The first decade of the nineteenth century marked the Jeffersonian Revolution. Jefferson’s vision of limited government dominated the American landscape for the next half century. At the same time, Britain and France continued their death struggle. The Napoleonic Wars impacted the young American nation leading President Jefferson to boycott Europe. Despite the political realignment, Jeffersonian America remained splintered politically. The following are the top 10 historical events of the 1800s decade.
The 1800 Presidential Election (1800-01): The 1800 election began the Federalist collapse and marked the rise of the Democratic Party. Vice President Thomas Jefferson challenged President John Adams for the White House. The election morphed into a dirty mudslinging match. The Federalists used the Alien and Sedition Acts to silence dissent. They also accused Jefferson of being a bloodthirsty god-less Jacobin. The Democratic-Republicans railed against the Alien and Sedition Acts and Adams defense buildup in the face of French attacks on American shipping. They also accused Adams of being monarchical.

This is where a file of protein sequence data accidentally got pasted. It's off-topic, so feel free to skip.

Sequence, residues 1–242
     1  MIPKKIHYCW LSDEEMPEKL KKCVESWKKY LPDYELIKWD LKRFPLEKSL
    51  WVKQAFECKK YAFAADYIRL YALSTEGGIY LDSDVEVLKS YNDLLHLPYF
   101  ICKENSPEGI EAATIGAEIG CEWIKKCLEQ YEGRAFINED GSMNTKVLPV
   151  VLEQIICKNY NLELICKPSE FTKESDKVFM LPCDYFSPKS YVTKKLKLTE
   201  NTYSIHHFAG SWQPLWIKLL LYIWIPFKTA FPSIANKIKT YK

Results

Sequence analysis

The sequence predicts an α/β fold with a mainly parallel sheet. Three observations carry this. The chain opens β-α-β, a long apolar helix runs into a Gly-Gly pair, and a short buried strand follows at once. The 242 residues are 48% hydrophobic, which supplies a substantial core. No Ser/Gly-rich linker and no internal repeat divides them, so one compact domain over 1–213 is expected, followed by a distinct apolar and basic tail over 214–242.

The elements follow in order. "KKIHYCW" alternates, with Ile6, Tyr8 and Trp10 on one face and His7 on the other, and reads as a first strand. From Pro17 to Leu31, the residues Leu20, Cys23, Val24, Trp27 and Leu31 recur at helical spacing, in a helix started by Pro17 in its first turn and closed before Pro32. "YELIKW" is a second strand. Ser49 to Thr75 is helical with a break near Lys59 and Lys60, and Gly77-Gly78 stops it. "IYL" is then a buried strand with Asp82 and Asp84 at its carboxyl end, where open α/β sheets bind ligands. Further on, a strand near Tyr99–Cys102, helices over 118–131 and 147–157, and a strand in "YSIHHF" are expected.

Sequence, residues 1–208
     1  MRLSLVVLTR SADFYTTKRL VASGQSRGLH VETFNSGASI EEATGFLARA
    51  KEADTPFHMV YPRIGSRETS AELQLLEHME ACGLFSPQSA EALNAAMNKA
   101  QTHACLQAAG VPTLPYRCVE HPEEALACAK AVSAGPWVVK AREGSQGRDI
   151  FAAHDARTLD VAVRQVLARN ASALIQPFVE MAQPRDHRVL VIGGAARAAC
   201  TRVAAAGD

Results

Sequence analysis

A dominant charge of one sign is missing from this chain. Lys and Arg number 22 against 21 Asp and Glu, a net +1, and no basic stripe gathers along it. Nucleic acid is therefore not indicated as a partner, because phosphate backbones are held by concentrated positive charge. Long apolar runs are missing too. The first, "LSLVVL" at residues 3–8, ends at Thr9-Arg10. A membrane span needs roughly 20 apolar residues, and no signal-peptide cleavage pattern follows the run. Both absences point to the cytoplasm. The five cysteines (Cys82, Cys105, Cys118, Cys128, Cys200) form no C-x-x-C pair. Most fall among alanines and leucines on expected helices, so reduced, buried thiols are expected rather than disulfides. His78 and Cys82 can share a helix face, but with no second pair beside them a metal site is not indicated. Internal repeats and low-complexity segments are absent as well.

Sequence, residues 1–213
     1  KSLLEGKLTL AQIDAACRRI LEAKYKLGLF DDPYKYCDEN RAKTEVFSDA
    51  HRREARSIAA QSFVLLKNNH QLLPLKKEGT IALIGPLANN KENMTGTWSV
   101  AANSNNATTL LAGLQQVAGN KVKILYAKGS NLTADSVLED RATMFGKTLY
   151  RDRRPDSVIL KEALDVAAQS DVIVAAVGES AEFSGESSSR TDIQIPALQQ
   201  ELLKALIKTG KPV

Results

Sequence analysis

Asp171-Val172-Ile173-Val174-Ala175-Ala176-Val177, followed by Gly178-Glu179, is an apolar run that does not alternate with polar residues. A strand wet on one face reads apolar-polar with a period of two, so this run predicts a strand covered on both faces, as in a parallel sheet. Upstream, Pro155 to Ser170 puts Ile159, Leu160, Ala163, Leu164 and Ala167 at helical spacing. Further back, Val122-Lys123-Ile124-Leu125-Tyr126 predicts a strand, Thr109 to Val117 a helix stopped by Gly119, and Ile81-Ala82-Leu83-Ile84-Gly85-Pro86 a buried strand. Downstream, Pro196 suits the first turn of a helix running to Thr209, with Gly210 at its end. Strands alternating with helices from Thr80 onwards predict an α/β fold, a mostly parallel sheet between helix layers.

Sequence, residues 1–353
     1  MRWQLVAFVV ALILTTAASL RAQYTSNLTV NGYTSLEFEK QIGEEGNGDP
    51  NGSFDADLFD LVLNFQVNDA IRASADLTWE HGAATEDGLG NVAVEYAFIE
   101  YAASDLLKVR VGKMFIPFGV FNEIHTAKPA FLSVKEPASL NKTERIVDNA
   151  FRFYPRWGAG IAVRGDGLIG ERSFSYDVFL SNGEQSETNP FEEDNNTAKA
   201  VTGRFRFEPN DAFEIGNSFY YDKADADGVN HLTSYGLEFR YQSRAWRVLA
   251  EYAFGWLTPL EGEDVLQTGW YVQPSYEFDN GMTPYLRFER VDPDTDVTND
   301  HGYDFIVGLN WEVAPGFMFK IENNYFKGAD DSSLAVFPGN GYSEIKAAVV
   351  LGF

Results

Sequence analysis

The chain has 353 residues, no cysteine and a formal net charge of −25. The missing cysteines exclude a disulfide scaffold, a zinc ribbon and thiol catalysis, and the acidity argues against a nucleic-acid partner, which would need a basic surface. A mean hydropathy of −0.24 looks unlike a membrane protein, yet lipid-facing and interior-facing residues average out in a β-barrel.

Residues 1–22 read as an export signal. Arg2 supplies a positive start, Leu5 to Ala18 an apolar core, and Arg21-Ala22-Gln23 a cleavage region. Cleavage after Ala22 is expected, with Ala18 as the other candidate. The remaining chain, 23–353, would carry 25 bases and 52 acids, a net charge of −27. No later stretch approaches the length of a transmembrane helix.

Adams lost the election, but Jefferson did not win outright. A Constitutional oversight allowed Jefferson’s running mate, Aaron Burr, to tie for the presidency in the Electoral College. As a result, the Federalist-controlled House of Representatives decided the election. Burr refused to step aside resulting in a political crisis. The Democrats believed the Federalists were angling to steal the presidency in the House and began arming for civil war. In the end, Alexander Hamilton stepped in and supported Jefferson. The Federalists fell into line behind their leader and Jefferson won the election. Ironically, Jefferson and Hamilton were bitter enemies, but Hamilton felt Burr a threat to the Republic.
Marbury v Madison (1803): John Adams made a number of appointments as he was leaving office. He nominated William Marbury as Justice of the Peace for Washington D.C., but the commission did not arrive before Adams term expired. The Jefferson Administration refused to honor it resulting in a lawsuit. The case landed before the Supreme Court. Chief Justice John Marshall ruled Marbury was entitled to the position, but Secretary of State James Madison did not have to honor the appointment. In the end, the case established the Supreme Court’s right to judicial review.